What is it about?
Internet companies collect a vast amount of data about their users in order to personalize banner ads. However, very little is known about the effects of personalized banners on attention and memory. In the present study, 48 subjects performed search tasks on web pages containing personalized or nonpersonalized banners. Overt attention was measured by an eye- tracker, and recognition of banner and task-relevant information was subsequently examined. The entropy of fixations served as a measure for the overall exploration of web pages. Results confirm the hypotheses that personalization enhances recognition for the content of banners while the effect on attention was weaker and partially nonsignificant. In contrast, overall exploration of web pages and recognition of task-relevant information was not influenced. The temporal course of fixations revealed that visual exploration of banners typically proceeds from the picture to the logo and finally to the slogan. We discuss theoretical and prac- tical implications.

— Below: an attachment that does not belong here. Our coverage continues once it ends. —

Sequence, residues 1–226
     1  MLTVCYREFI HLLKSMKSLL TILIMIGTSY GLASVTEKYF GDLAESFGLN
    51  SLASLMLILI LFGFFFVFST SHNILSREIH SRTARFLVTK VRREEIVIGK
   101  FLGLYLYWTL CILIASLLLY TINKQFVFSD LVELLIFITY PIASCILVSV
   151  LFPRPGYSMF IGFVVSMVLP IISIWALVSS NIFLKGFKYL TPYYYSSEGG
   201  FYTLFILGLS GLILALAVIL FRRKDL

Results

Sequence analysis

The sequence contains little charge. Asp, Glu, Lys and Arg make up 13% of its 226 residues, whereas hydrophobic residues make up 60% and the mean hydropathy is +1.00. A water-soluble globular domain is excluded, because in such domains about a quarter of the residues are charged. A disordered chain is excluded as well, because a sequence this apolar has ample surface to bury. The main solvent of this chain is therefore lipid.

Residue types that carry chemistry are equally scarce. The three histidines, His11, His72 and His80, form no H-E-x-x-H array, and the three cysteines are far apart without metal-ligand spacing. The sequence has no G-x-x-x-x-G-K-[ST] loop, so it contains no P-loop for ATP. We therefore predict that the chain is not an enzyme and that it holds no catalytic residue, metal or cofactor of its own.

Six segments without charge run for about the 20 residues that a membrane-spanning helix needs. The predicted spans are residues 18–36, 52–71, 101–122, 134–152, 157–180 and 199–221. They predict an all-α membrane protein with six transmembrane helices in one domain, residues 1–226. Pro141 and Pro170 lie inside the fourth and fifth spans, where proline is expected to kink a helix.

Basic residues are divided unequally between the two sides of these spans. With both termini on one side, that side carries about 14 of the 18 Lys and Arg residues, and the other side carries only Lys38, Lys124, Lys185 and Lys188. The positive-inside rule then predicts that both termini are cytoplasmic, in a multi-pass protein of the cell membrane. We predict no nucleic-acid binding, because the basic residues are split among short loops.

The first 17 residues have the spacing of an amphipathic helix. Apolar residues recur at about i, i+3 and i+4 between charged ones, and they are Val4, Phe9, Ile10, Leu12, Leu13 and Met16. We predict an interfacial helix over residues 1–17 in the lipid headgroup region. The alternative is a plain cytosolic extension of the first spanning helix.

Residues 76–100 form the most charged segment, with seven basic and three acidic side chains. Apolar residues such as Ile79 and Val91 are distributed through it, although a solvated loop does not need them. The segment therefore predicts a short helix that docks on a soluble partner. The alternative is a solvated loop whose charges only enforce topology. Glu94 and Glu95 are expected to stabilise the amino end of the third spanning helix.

The following have contributed to this page: Professor Kai-Christoph Hamborg
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